The mechanisms of phonemic paraphasia. Buckingham, H W Clinical Linguistics & Phonetics, 6(1-2):41-63.
doi  abstract   bibtex   
The mechanisms involved in the production of phonemic paraphasias are considered in this paper. Initially, a taxonomy of error types is provided where it is argued that there is a significant qualitative overlap in the kinds of errors witnessed in phonemic paraphasias and in segmental slips-of-the-tongue. There is ample historical precedent for the observation of this qualitative relation between fluent paraphasic errors and the phonemic errors in normal lapsus linguae. Some researchers have played down this qualitative similarity, but it is shown that when certain non-fluent aphasic phenomena are dissociated from the fluent paraphasias, the qualitative relation between paraphasias and slips remains entirely feasible. The metaphorical nature of the entire enterprise of characterizing phonemic paraphasias is briefly outlined, and finally the mechanisms at work are analysed from three rather different viewpoints: Merrill Garretts serial/hierarchical model of production; connectionist theory; and the phonological theory of underspecification.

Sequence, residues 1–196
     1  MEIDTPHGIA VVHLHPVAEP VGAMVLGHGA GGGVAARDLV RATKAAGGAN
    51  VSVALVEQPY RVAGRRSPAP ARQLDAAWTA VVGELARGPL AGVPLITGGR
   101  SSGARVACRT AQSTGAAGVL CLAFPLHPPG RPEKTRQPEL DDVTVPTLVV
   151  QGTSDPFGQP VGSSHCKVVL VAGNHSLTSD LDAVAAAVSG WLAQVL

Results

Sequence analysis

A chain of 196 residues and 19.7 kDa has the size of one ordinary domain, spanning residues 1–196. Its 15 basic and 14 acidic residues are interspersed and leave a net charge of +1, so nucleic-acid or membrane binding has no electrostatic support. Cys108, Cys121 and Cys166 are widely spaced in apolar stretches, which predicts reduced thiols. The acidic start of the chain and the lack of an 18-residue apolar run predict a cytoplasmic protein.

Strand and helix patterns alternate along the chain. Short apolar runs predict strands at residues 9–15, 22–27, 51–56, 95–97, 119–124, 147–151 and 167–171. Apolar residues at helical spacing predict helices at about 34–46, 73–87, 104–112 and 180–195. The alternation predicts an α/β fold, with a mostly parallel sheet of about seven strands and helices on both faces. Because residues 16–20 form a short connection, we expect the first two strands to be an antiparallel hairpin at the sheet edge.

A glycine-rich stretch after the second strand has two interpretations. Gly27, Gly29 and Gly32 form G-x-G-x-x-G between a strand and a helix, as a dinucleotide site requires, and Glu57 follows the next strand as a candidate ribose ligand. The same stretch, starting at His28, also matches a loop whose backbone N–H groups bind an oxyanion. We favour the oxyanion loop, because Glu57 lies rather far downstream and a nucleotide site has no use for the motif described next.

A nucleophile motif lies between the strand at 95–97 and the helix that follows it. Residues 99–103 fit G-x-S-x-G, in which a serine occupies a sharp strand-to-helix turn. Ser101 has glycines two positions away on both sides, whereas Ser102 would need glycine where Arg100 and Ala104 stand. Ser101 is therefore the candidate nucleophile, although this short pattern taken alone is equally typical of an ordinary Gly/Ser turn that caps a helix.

@article{buckingham_mechanisms_1992,
	Author = {Buckingham, H W},
	Date = {1992},
	Date-Modified = {2017-04-19 08:04:06 +0000},
	Doi = {10.3109/02699209208985518},
	Issn = {0269-9206},
	Journal = {Clinical Linguistics \& Phonetics},
	Keywords = {aphasia, clinical, clinical phonology, neurolinguistics},
	Number = {1-2},
	Pages = {41-63},
	Pmid = {20672883},
	Title = {The mechanisms of phonemic paraphasia},
	Volume = {6},
	Abstract = {The mechanisms involved in the production of phonemic paraphasias are considered in this paper. Initially, a taxonomy of error types is provided where it is argued that there is a significant qualitative overlap in the kinds of errors witnessed in phonemic paraphasias and in segmental slips-of-the-tongue. There is ample historical precedent for the observation of this qualitative relation between fluent paraphasic errors and the phonemic errors in normal lapsus linguae. Some researchers have played down this qualitative similarity, but it is shown that when certain non-fluent aphasic phenomena are dissociated from the fluent paraphasias, the qualitative relation between paraphasias and slips remains entirely feasible. The metaphorical nature of the entire enterprise of characterizing phonemic paraphasias is briefly outlined, and finally the mechanisms at work are analysed from three rather different viewpoints: Merrill Garretts serial/hierarchical model of production; connectionist theory; and the phonological theory of underspecification.},
	Bdsk-Url-1 = {http://dx.doi.org/10.3109/02699209208985518}}
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